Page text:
Two Mexican boxing legends laced up their gloves for the final time on Saturday night as Hall of Famer Marco Antonio Barrera and former two-time world champion Daniel Ponce de Leon fought to the distance in an entertaining, six-round middleweight exhibition live on FITE and Golden Boy Fight Night on Facebook Watch Paid Online pay-per-view from the Inn of the Mountain Gods Resort & Casino in Mescalero, New Mexico.
Barrera (67-7, 44 KOs) returned to the ring for only the second time in more than a decade in Tapia Promotions’ “La Ultima Batalla” (The Last Stand), while his counterpart De Leon (45-7, 35 KOs) made his first squared circle appearance in more than seven years.
Both fighters rewound the clock and looked sharp in the special attraction filled with nostalgia for boxing fans around the world. Barrera, who battled many of the sport’s best fighters including fellow International Boxing Hall of Famers Erik Morales (three times), Johnny Tapia, and Juan Manuel Marquez, as well as the sweet science’s lone eight-division world champion Manny Pacquiao, displayed many of the skills that made him ESPN’s No. 43 greatest fighter of all time.
The southpaw-slugging Ponce De Leon showed off his familiar awkward style that made him a matchup nightmare throughout his career. After six rounds of crowd-pleasing action, both fighters escaped unscathed and left the ring with their legendary status intact.
In the co-featured pay-per-view bout, El Paso, Texas’ Abel Mendoza (31-0, 24 KOs) took one step closer toward a world title shot in the super featherweight division by stopping Mexican brawler and three-time world title challenger Victor Zaleta (20-6-1, 10 KOs) in the fourth round.
Mendoza’s gameplan to attack the body was evident from the onset as his relentless pressure and body blows quickly paid off with a left hook to the chin that buckled Zaleta. The undefeated Mendoza then forced his veteran opponent to take a knee in the closing seconds of the opening round after connecting with a punishing right hand to the body that took the air out of Zaleta.
“He (Zaleta) is known for being a tough guy,” Mendoza said following his 31st consecutive victory. “He has the experience. I knew the body shots would slow him down a lot. That is always my gameplan: try to break him down, stop him, and do whatever it takes to win the fight. We practice all different styles in the gym. We knew that we’d break him down with the body shots and slow him down. I started off a little slow, but we knew we’d break him down.”
Mendoza’s unrelenting pressure and forward movement paid dividends in the fourth round when he landed another vicious body shot that sent Zaleta down a second time. Referee David Rios stepped in to call a halt to the action at 2:23 of the round.
With the win over a legitimate former contender who challenged Leo Santa Cruz for his world title in 2012, Mendoza continues to knock on the door for a big-time fight on a big-time stage.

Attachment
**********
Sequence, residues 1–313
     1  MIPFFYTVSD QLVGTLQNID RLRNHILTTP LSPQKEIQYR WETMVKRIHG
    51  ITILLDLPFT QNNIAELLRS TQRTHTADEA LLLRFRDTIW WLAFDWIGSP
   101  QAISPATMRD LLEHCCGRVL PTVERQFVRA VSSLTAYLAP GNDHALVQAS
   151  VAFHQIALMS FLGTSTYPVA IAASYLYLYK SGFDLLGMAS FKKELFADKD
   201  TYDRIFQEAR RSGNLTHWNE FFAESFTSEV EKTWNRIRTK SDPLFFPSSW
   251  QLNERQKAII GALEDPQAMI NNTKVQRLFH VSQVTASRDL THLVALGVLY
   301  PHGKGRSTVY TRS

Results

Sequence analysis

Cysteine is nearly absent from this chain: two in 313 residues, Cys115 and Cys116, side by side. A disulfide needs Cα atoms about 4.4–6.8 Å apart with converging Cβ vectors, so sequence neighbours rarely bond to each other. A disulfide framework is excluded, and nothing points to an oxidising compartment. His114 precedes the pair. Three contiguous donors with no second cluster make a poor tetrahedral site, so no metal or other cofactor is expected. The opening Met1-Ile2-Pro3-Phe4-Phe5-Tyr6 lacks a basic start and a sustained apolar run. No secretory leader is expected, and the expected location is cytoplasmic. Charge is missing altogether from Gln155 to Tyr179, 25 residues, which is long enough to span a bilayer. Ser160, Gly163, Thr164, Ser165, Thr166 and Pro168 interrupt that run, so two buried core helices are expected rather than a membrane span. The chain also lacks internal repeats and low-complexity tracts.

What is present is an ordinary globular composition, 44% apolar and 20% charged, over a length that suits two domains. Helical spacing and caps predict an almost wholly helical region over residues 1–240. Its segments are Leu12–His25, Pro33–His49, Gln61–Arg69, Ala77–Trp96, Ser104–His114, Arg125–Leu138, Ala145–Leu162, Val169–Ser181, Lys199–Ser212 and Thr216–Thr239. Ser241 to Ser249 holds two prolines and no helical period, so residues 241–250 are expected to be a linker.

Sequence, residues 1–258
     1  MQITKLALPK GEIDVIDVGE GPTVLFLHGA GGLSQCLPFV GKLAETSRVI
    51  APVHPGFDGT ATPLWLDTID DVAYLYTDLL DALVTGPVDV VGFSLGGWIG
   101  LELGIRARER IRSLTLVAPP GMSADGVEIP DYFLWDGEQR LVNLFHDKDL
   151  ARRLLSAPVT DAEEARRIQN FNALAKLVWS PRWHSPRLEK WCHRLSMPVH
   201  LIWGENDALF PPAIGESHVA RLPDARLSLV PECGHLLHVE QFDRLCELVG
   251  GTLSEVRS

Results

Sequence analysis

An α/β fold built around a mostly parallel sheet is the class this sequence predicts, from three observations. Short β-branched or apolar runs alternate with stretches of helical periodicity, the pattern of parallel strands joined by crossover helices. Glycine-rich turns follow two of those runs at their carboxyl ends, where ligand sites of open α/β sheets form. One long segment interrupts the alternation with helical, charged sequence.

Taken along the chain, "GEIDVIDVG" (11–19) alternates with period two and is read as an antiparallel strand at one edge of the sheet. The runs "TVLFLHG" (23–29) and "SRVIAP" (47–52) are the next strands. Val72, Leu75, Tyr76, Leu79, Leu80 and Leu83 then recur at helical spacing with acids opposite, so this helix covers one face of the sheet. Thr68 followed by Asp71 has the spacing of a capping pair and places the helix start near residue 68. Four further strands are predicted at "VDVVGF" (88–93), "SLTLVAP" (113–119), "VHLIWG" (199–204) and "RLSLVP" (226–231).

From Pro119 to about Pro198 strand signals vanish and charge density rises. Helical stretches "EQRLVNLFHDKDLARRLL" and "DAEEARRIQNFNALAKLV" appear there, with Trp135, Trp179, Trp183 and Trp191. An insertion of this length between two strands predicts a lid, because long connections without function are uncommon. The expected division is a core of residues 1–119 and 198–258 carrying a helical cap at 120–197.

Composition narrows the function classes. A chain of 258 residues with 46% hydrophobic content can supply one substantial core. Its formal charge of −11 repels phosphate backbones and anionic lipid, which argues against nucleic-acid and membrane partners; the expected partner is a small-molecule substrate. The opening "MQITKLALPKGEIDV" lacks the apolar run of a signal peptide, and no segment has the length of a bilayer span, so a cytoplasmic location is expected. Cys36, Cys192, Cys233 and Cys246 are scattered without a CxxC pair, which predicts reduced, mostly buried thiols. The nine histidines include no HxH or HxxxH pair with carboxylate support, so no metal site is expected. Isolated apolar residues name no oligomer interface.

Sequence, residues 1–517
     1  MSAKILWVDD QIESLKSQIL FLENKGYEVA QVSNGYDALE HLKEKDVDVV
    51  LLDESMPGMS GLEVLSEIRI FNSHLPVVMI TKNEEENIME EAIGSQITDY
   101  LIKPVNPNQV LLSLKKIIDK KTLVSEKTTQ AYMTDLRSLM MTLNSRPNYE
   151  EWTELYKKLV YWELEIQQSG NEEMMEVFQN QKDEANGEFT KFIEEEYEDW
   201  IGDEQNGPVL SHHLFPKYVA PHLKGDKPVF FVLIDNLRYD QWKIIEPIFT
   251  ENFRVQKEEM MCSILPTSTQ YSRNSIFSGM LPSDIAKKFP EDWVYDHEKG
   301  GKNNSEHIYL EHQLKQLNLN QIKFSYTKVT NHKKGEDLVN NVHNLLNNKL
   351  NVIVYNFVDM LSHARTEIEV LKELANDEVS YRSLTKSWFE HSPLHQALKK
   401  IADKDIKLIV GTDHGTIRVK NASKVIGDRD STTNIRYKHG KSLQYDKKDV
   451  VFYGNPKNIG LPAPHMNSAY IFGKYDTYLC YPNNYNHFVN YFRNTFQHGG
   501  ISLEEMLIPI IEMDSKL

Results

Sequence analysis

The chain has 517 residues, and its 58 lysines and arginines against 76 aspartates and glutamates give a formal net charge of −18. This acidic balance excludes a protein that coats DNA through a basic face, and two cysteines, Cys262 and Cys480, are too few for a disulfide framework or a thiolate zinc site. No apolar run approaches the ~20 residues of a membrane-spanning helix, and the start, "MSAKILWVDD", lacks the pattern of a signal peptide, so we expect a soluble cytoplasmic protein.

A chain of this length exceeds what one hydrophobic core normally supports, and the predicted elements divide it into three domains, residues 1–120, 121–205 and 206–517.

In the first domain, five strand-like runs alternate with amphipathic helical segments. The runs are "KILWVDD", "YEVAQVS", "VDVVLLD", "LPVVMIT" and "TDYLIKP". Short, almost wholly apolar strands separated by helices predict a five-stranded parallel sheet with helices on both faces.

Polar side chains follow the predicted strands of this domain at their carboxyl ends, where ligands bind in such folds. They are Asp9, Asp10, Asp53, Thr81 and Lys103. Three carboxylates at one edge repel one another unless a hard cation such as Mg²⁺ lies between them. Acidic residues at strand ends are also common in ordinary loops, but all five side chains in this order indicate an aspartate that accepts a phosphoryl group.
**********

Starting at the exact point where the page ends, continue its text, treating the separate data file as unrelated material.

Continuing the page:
“We’re hoping to get the fight with Leo Santa Cruz. We’re ready for him,” Mendoza declared.
In other action, Albuquerque, N.M. native Xavier Madrid (3-0, 1 KO) scored the knockout of the night when he stopped professional debutante Daniel Arriaga in the initial stanza. Madrid connected with a short left hook flush on Arriaga’s chin, knocking him flat on his back and putting an end to the contest just a minute after the opening bell.
Madrid’s finishing sequence started with an overhand right that buzzed Arriaga, before connecting with the left hook that his counterpart never saw coming. The 29-year-old Madrid, who earned his first pro knockout, proved that he is one to watch in the welterweight division.
In a battle of two fighters making their pro boxing debuts, former Streetbeafs standout Jonathan Rice (1-0, 1 KO) scored a second-round TKO over Josh Holguin (0-1). After an exhausted Holguin punched himself out, turned his back on the action, and left himself open to the aggressive Rice, referee Rocky Burke stepped in at 1:20 of the second to put an end to the proceedings.
In an attraction of two fighters making their amateur debuts, Johnny “Nicco” Tapia, son of the legendary, late six-time world champion and Hall of Famer Johnny Tapia, came out victorious by earning a split decision over El Pasoan Brandon Lira.
The middleweight bout, which featured three two-minute rounds, could have gone either way. Lira started the fight on the front foot, coming out more aggressively than Albuquerque’s Tapia, bloodying his opponent’s nose. However, Tapia closed the bout by pressing the action. After hearing the judges’ decision, an excited Tapia celebrated in the ring with his mother/president of Tapia Promotions, Teresa Tapia.
In the initial pay-per-view bout, Albuquerque’s Clinton “Native Kid” Chavez (6-0, 4 KOs) cruised to a six-round unanimous decision over veteran Anthony Hill (1-31, 0 KOs).
The 31-year-old Chavez out-boxed Hill from start to finish, utilizing a vicious body attack on the overmatched Hill. Despite Chavez’s best efforts to score a knockout, a game Hill refused to go down. In the final round, Chavez pressed the action and nearly KO’d the 30-year-old veteran, who has only been stopped four times in 32 pro fights. All three judges scored the fight 60-54.
In preliminary action prior to the pay-per-view action, light heavyweight prospect Angel Chavez (6-0, 5 KOs) made quick work of Michael Sanchez (2-9, 2 KOs) by scoring a first-round knockout, while Luis Angel Ledesma (1-1-1, 1 KO) and John Herrera (5-18-3, 2 KOs) fought to a majority draw. Rounding out the opening bouts, undefeated featherweight prospect Avoran Graham (8-0, 5 KOs) kept his perfect record intact with a unanimous decision over 75-fight veteran Alejandro Moreno (24-48-3, 11 KOs).
The broadcast was called by former heavyweight and El Paso native David Rodriguez, and current pro welterweight and New Mexico native Josh “Pitbull” Torres.